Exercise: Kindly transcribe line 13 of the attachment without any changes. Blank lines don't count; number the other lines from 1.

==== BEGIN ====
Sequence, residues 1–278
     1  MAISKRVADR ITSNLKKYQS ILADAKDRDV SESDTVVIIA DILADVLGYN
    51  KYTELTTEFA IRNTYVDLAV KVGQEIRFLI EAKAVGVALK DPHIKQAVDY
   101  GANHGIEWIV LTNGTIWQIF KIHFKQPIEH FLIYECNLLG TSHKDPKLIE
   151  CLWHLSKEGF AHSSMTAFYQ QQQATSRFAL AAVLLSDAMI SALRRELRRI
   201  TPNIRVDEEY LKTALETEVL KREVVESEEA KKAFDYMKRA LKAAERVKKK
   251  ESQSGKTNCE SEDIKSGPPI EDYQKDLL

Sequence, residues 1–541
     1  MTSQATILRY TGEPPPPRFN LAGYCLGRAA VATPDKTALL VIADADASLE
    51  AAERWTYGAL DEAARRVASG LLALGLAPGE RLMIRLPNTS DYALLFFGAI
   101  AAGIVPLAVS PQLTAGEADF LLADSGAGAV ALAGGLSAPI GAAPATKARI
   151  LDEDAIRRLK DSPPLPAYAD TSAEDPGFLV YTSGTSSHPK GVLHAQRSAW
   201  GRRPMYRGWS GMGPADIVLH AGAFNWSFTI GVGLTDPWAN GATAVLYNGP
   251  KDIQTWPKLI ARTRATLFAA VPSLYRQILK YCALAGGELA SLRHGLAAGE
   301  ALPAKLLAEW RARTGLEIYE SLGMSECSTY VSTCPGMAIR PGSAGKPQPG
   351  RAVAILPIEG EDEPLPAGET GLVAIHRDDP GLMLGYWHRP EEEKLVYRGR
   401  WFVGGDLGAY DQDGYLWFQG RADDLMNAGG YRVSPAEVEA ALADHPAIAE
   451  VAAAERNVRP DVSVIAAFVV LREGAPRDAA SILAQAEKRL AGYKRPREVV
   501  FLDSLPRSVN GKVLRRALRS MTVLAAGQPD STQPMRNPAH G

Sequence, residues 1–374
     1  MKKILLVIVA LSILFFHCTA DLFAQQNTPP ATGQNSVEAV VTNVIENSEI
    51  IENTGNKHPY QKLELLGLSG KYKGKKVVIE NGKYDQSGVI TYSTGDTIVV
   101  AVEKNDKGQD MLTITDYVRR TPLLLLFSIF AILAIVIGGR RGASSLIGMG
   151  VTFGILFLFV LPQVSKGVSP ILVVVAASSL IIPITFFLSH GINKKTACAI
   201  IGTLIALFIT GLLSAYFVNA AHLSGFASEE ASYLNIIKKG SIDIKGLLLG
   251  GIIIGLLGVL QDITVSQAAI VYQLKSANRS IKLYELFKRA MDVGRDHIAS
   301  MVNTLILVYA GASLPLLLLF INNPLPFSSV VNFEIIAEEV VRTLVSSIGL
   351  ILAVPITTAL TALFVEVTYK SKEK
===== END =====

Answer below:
   201  GRRPMYRGWS GMGPADIVLH AGAFNWSFTI GVGLTDPWAN GATAVLYNGP